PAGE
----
some have gone, there must be others to take
their place.
Among you the class of 1948 will be the men
and women who will be the leaders of this
nation and the world in 1958. Among you and
the rest of the college youth in the nation will
be found our future senators and congressmen,
our great doctors and lawyers.
But over and above these technical and pro-
fessional people and infinitely more important
as a unit are the mass of the people, those so
commonly referred to as the common people,
"the little ones."
In our nation the ultimate source of all power
is with them, Mr. and Mrs. Average Citizen.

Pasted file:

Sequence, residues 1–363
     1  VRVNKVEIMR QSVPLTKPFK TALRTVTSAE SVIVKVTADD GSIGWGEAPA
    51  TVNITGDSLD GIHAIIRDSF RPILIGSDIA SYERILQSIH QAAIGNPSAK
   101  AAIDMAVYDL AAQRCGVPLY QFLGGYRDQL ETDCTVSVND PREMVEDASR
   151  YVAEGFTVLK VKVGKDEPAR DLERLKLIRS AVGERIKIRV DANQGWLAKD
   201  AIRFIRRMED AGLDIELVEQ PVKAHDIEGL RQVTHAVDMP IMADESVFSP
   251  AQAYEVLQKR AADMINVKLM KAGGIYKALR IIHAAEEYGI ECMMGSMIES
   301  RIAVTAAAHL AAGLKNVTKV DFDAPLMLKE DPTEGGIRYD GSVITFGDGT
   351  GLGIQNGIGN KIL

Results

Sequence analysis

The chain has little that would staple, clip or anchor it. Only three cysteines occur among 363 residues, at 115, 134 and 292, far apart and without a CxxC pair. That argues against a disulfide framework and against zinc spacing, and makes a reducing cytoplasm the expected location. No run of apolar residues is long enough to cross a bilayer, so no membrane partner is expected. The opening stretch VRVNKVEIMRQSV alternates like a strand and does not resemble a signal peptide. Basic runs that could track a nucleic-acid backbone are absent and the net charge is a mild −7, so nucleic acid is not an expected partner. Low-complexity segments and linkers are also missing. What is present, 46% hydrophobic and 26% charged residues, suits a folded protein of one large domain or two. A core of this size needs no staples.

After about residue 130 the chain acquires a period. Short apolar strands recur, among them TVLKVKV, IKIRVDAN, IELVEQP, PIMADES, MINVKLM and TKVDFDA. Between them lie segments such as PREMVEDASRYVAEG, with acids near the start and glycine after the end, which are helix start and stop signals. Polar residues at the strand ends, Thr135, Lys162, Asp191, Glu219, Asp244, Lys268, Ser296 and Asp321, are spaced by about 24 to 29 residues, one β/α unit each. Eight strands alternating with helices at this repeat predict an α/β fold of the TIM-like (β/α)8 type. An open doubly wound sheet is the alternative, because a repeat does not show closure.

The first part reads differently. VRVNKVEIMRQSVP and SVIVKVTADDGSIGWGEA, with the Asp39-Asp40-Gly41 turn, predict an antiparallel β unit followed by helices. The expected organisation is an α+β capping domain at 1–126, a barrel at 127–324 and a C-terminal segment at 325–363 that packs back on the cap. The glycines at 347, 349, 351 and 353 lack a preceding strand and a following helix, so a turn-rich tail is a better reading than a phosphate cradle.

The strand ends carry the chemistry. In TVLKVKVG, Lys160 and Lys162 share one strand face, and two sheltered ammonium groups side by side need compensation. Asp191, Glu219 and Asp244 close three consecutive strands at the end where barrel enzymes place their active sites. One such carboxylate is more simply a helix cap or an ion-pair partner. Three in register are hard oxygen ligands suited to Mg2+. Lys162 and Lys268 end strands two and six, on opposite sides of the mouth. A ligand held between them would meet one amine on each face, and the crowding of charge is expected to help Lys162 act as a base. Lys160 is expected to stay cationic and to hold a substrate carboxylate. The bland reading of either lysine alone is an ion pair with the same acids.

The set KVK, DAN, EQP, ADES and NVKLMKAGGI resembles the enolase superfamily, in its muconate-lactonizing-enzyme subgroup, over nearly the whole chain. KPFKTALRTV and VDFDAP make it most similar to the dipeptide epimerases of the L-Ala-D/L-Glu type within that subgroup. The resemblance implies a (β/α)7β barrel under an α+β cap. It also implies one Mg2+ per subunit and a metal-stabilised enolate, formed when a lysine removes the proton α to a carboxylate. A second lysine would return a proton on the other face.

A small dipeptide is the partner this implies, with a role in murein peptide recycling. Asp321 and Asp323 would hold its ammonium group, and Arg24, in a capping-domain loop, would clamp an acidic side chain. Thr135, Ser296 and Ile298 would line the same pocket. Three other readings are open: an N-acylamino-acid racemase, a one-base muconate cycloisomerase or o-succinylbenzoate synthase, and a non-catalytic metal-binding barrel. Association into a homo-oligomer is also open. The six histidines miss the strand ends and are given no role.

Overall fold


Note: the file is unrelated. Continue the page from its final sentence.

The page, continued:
Their wishes and their hopes will prevail. For
their decisions to be wise, for their hopes to be
realized some amongst them must be intelligent
and civic minded.
Here then lies the meaning of our "web
come." Herein is where each new student
embarking upon a college career fits. In all
the fun lies this responsibility.
To the class of 1948 WELCOME.
Evelyn PhillipsT
Stan Wallace
Ray Dixon
Veterans Return
According to most recent estimates, there will

be approximately 150 honorably discharged war
veterans enrolled 'in the University this fall.
This makes the University of Michigan one of
the first large schools in the nation to have a
considerable number of veterans on the cam-

By DREW PEARSON
WASHINGTON, OCT. 29-Many political ob-
servers believe that one man and one man alone
will have more influence on the final outcome
of this election than anyone else in the U. S. A.
-and he is not Franklin Roosevelt or Tom
Dewey.
He is John L. Lewis.
Lewis is attempting to control half a million